Road safety is of paramount importance in this country, and deaths from car accidents have steadily decreased in recent years. Out of the 33 countries assessed by the Paris-based International Transport Forum (ITF), the UK is now proudly the safest country in which to drive, with 3.8 per 100,000 of the population dying on the roads in 2009, compared to 23.8 in Malaysia, which had the highest death toll.
This is to be applauded; in fact it seems that last year was something of a high watermark for road safety across the world, with 30 of the countries assessed registering a decline, leading the last ten years to be described by the ITF as a “record decade for road safety”.
This is due to a combination of more stringent driving tests, better policing, safer cars, and greater awareness. Yesterday Accident Advice Helpline News described the changing attitudes towards speeding in this country. The common assertion is that excess speed kills, pure and simple. This is not strictly true; the average speed of motorway traffic is much greater than elsewhere, and despite accounting for 25% of a car’s mileage in its lifetime, only 6% of car accident fatalities occur on this type of road. It is speeding in built-up areas that remains the biggest threat to human lives; the well-used mantra ‘It’s 30 (miles per hour) for a reason’ continues to be ignored by many motorists, of all ages and both sexes, because they are ‘careless, reckless, or in a hurry’ (according to a 2008 Association of British Drivers report).
Given the UK’s impressive record, it is hard, therefore, not to raise an eyebrow when some well-meaning but poorly-conceived road safety campaigns are launched.
A billboard in Yorkshire has come in for some criticism after it, very ironically, has been posted near a dangerous bend bearing the legend, ‘Oiii, eyes on the road’ before continuing, ‘What’s so important? Concentrate on the road’ in smaller text.Open Claim Calculator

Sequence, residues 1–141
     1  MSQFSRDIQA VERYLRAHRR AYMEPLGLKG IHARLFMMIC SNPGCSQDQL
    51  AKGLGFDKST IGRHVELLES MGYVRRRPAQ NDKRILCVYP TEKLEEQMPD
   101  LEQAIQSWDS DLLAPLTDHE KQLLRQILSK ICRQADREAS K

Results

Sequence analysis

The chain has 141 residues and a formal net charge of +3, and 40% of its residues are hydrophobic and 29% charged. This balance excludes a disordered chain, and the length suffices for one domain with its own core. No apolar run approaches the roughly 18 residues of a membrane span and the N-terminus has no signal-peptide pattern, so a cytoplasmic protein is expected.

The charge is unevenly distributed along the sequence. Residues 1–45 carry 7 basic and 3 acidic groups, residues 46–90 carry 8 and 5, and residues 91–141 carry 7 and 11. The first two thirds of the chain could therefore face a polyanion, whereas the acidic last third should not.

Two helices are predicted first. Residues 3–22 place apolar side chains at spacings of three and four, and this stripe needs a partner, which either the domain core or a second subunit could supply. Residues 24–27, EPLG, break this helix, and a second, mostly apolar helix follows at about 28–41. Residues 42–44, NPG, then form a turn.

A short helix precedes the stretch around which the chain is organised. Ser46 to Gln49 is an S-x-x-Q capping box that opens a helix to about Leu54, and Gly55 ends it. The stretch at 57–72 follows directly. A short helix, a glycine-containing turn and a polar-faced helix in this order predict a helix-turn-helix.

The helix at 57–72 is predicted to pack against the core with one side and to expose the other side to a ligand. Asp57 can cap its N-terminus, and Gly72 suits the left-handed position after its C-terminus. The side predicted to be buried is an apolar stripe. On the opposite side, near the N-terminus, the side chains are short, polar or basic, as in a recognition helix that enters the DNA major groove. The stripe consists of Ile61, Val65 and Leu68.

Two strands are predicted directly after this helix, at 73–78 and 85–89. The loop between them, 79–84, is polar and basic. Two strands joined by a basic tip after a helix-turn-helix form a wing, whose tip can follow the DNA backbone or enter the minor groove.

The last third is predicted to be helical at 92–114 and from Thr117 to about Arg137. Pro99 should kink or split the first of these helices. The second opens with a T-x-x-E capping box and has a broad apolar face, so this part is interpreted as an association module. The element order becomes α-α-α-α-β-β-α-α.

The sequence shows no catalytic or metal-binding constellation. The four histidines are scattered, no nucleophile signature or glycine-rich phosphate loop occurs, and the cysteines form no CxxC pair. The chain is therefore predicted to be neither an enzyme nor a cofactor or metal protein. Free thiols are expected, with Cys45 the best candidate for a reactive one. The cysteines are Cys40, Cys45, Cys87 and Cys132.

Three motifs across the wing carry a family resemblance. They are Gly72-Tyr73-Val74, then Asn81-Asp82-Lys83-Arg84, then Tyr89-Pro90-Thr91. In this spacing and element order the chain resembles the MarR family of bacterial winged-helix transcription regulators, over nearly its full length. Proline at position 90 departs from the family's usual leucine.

One man who uses the route regularly said,
“I can understand the message but surely placing a poster like this on a very difficult bend is going to cause someone to crash.”
“I think it’s bad enough anyway they are trying to get people to concentrate on the road, but surely for this message to get across, people would have to read it.”
This echoes a safety drive in Italy, where campaigners placed a series of wrecked cars, from real-life fatal car accidents, along a stretch of road in Lodi. Each vehicle was adorned with a large yellow jigsaw piece, the premise of which was that speed is the missing jigsaw piece that causes the crashes.
Of course, curious motorists became distracted by the arresting sight, and police have reported a significant increase in collisions since the wrecks appeared.
On the other hand, there are billboards that have nothing to do with road safety but still hold so many gazes that accidents are an inevitable consequence.
Wonderbra is the main culprit here – in 1994 its advert featuring a scantily clad Eva Herzigova greeting male onlookers with the slogan ‘Hello Boys’ was blamed for increased car accidents up and down the country, presumably due to male drivers, one assumes.
Now, they are trying to bring that campaign into the 21st century with a new 3D poster of Brazilian model Sabraine Banando, which was unveiled outside Waterloo station yesterday, again to a wave of criticism from road safety commentators. The fact that the poster is rendered slightly out-of-focus unless the viewer is sporting 3D glasses makes it even more likely an accident will result, they say, as the observer will have to concentrate more than usual to see it.
And in July, Reebok launched an advert in the capital featuring curvaceous model Kelly Brook completely naked (except for a pair of trainers).
If these sort of advertising patterns continue, it seems like safety champions will have their work cut out.